DECODING, UNDERSTANDING FOOD LABELS AND MAKING THE SMART CHOICE
By Andrea Bursey (MSc. Dietetics)
These days a trip to the grocery store can be more confusing than anything – you’re faced with so many different food options with an array of exciting and appealing claims. Welcome to the “free from” era, a time when food products display more claims and callouts about what they don’t contain compared to what they do. Examples of “free from” claims are gluten-free, free from sugar, free from colourants, and the list goes on. It’s so easy to notice these claims and overlook the entire nutritional profile of a snack food or ready meal.
How to read food labels
Food labels and nutrition tables don’t have to be overwhelming. They can be used as valuable tools to guide us in making the best choice. It’s important to understand how to read and interpret food labels and use them to your benefit. When comparing the nutritional content of food, always look at the nutritional content per 100 g – this helps you compare apples with apples. The serving size is also important to look at as this is the recommended amount that you should have in one sitting.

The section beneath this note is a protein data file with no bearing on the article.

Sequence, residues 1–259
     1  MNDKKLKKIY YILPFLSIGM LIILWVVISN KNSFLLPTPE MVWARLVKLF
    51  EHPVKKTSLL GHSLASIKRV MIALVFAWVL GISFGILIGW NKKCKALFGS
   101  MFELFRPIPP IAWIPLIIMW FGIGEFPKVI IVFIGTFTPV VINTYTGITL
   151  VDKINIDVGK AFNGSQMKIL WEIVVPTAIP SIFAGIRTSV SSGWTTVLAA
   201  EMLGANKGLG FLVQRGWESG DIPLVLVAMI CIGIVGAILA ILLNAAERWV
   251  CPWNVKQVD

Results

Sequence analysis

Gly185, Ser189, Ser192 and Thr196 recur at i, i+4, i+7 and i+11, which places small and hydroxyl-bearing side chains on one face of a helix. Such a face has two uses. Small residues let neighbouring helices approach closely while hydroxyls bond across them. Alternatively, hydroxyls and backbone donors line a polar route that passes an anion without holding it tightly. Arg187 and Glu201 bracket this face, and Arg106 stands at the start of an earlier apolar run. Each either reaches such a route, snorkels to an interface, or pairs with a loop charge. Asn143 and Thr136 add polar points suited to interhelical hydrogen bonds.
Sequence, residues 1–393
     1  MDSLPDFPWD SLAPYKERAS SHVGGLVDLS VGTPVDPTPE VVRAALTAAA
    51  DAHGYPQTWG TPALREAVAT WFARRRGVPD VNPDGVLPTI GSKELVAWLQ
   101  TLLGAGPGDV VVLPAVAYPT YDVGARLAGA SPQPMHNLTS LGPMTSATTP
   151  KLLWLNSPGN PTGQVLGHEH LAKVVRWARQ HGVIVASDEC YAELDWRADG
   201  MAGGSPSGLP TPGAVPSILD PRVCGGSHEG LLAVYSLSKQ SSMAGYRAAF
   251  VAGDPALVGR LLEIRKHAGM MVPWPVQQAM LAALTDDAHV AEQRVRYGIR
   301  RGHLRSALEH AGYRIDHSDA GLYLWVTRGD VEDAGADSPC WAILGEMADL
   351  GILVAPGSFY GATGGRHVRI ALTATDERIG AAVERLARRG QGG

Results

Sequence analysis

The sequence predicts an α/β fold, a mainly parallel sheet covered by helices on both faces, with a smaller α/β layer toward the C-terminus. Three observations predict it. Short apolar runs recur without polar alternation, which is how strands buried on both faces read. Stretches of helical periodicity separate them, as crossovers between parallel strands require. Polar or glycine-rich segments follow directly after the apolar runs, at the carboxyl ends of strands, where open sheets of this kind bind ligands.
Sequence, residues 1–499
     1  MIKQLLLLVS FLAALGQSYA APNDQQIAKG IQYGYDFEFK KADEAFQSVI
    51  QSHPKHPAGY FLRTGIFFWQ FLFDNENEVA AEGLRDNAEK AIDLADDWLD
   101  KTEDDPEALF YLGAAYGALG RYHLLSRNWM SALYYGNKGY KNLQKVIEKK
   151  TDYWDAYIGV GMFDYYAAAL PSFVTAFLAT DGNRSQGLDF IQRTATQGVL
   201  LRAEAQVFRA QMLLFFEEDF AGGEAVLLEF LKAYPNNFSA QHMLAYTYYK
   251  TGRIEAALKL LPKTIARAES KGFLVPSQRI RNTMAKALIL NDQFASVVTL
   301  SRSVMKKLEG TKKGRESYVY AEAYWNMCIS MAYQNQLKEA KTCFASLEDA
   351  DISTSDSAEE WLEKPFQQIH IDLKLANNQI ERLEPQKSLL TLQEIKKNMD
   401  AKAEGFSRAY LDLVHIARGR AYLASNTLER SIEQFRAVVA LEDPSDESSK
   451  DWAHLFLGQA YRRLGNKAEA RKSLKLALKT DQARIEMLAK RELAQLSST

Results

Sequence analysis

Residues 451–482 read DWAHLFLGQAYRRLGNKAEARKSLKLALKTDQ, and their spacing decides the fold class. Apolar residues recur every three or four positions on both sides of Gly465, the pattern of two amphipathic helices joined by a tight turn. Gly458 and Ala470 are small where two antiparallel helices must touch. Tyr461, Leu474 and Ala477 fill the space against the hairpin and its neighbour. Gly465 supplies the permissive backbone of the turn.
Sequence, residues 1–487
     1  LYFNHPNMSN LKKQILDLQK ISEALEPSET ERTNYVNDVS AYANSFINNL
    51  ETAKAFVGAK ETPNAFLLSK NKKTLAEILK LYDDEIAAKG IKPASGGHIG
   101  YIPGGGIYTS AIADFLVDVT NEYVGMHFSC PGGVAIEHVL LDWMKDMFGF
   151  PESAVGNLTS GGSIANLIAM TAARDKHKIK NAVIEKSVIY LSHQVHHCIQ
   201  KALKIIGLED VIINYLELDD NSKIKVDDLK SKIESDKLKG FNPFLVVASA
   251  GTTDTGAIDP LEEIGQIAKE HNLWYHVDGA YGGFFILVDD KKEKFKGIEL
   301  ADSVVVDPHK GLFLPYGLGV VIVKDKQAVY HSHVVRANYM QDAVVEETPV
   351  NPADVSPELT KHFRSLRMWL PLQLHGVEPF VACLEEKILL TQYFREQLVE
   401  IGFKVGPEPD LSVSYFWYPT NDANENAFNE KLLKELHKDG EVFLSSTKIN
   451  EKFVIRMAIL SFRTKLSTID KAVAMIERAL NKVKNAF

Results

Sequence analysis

Health claims like “low in fat” and “fat-free” displayed on packaged foods may lead you to believe that these products are great choices, however, these foods are often loaded with fillers like sugar and carbohydrates to improve taste and texture. The ingredient list displays quantities of ingredients from the highest to the lowest amount. The closer “sugar” is to the top of the ingredient list, the higher the sugar content. Sugar is sometimes listed using other words: cane sugar, fructose, fruit juice concentrate, high-fructose corn syrup, syrup, honey, galactose, lactose, maltose, maltodextrin, rice syrup, corn sweetener and xylitol.
(Looking for a sweet snack, check out this recipe for dark chocolate peanut butter love bites – high in love and low in sugar).
The consumption of excess salt can negatively affect your health as well as result in water retention and bloating. Look out for other names for high sodium ingredients: celery salt, garlic salt, meat/yeast extract, monosodium glutamate, (MSG), onion salt, rock salt, sea salt, sodium, sodium ascorbate, sodium bicarbonate, sodium nitrate/nitrite, stock cubes, vegetable salt.
Avoid food products that have a very long ingredient list of unfamiliar, processed ingredients. Try to choose products with fresh ingredients and minimal additives and preservatives. A shorter shelf life also shows you that a product is a fresher and healthier option.
Guideline to understanding food labels
Nutrient (per 100 g)
Sodium < 400 mg
Saturated fat < 3 g
Total fat < 10 g
Trans fat Trace/0
Sugar < 10 g
Fibre >3 g